One of the most significant statements made in the chapter that focuses on a missional community states, “A missional people walking in the Spirit, led by the Spirit, and sowing the Spirit manifests the fruit of the Holy Spirit manifests the fruit of the Spirit” (147). It is the fruit of the Spirit that provides us with a model of how we are able to live with one another in a missional community. Once again, this is a tangible aspect of being missional. The Gospels write about several instances in which, Jesus and the disciples are sitting around the table, eating. The most significant meal in which Jesus and the disciples shared was what we call, “The Last Supper.” The Church can imitate communal living though community dinners, breaking bread with one another, through community prayer, and the sacrament of baptism. Community takes work and effort in order to cultivate it effectively. This is no different than attempting to grow a plant from a seed. Though much of the work seems to happen below the surface, the work of cultivation must continue throughout the whole process of the plant’s life. In many respects, this is the job of the church as it seeks to cultivate a community in the church that is visible to the world.

In order to do this effectively, we must rethink our leadership and ministry models. Those who are well educated do not primarily build leadership in a missional Church. Those who are deeply concerned with the Missio Dei and the proclamation of God’s Word, who have received forgiveness and restoration, should also be considered as prime candidates for church leadership. It is not enough that a person has several degrees on their walls. They must be willing to engage with what God is doing within the context of the community in which the person lives. They must possess a passion to see the will of God made manifest and come full circle. The writer of this chapter states, “For such communities to emerge, leaders will need to become like novices, learning to recover practices that have become alien to current church experience. Becoming a novice is a difficult transition. It requires waiting and listening to the Spirit’s directions, listening to the Lord’s song in a strange land” (199). This will look different to each community, as the context of their community is significantly different. The main concern though must be to rise up leaders who are not just well educated but have zeal to see God’s mission fulfilled on the earth.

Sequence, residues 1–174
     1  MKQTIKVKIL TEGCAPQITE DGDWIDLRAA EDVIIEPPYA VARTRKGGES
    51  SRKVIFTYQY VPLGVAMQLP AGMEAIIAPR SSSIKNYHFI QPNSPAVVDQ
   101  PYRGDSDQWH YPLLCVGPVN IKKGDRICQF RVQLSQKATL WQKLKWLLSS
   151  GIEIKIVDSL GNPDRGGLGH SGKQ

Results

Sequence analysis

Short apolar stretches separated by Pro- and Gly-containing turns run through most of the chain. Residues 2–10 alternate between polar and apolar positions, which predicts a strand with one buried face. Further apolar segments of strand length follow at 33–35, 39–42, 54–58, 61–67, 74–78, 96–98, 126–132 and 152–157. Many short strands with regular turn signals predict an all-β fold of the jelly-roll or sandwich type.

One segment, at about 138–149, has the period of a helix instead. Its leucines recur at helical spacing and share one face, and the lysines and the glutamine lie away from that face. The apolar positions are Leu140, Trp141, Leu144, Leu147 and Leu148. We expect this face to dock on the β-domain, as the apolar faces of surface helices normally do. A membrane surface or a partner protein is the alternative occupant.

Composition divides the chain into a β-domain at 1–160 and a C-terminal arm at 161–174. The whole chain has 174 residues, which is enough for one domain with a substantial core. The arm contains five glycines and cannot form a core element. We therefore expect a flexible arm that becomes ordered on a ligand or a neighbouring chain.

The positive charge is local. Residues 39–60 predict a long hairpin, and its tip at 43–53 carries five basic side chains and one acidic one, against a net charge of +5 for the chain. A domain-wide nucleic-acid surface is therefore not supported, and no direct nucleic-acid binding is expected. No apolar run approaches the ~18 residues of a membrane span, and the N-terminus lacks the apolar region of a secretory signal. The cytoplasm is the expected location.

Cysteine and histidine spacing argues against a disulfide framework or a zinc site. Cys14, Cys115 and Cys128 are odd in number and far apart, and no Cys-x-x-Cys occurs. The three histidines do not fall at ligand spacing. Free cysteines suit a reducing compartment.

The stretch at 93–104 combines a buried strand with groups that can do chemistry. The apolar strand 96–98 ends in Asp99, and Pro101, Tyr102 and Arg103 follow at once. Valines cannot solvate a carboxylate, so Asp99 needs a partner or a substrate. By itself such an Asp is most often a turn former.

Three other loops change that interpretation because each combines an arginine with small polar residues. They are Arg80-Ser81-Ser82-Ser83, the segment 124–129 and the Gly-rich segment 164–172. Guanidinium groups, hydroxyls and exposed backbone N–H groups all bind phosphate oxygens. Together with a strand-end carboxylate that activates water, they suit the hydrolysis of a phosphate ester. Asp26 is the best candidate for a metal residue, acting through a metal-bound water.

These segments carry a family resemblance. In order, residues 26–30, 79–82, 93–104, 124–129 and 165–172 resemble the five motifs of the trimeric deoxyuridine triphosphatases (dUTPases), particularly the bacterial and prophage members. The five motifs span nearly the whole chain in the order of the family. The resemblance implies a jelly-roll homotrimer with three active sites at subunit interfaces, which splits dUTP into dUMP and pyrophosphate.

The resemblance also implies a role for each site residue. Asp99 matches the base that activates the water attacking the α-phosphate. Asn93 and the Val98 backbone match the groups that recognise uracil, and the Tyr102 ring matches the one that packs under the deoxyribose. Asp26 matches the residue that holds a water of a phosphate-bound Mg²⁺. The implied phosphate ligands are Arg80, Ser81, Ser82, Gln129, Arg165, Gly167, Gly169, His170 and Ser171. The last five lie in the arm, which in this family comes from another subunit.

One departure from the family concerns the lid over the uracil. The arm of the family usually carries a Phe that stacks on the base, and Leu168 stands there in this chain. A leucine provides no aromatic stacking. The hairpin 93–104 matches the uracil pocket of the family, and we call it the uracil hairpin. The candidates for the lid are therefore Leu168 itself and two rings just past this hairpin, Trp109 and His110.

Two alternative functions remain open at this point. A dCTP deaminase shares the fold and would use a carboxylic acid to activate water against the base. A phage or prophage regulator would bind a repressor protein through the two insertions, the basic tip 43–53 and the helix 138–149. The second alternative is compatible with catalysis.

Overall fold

If we look a missional church to build effective leaders in this fashion, there will need to be a rethinking of how we structure our churches in order that these missional leaders can function and lead effectively. The author of this chapter writes, “A missional ecclesiology for North America will address the situations of already existing congregations prophetically and critically. It will lead Christian communities to ask: What is our particular expression of the mission to be Christ’s witnesses” (241)? The author continues stating, “This missional ecclesiology will significantly shape the leadership of the missional pastor, whose identity we may best describe as missionary to the congregation, so that the particular community maybe become a mission community” (241). The goal of building a missional church must not be forgotten. It is to build a connected community between the body of Christ and the world. It is to this end that we must instinctively work to build this kind of church. This is where the book itself ends and the challenge to model this kind of church is left up to us.

After reading Missional Church, I found myself challenged to take from what I have learned and apply it to the church I currently attend. I have also gleaned several principles I will be able to use in future ministry roles God opens. We should always be willing to be challenged by new ways of doing things (as long as the function of the church does not change, the form can, and in most cases, probably should). As we enter into a postmodern way of doing church and living as a people set apart for the work of God, it is imperative to continually ask the questions that drive us to a greater and deeper knowledge of Jesus. This is not an option for a serious follower of Jesus.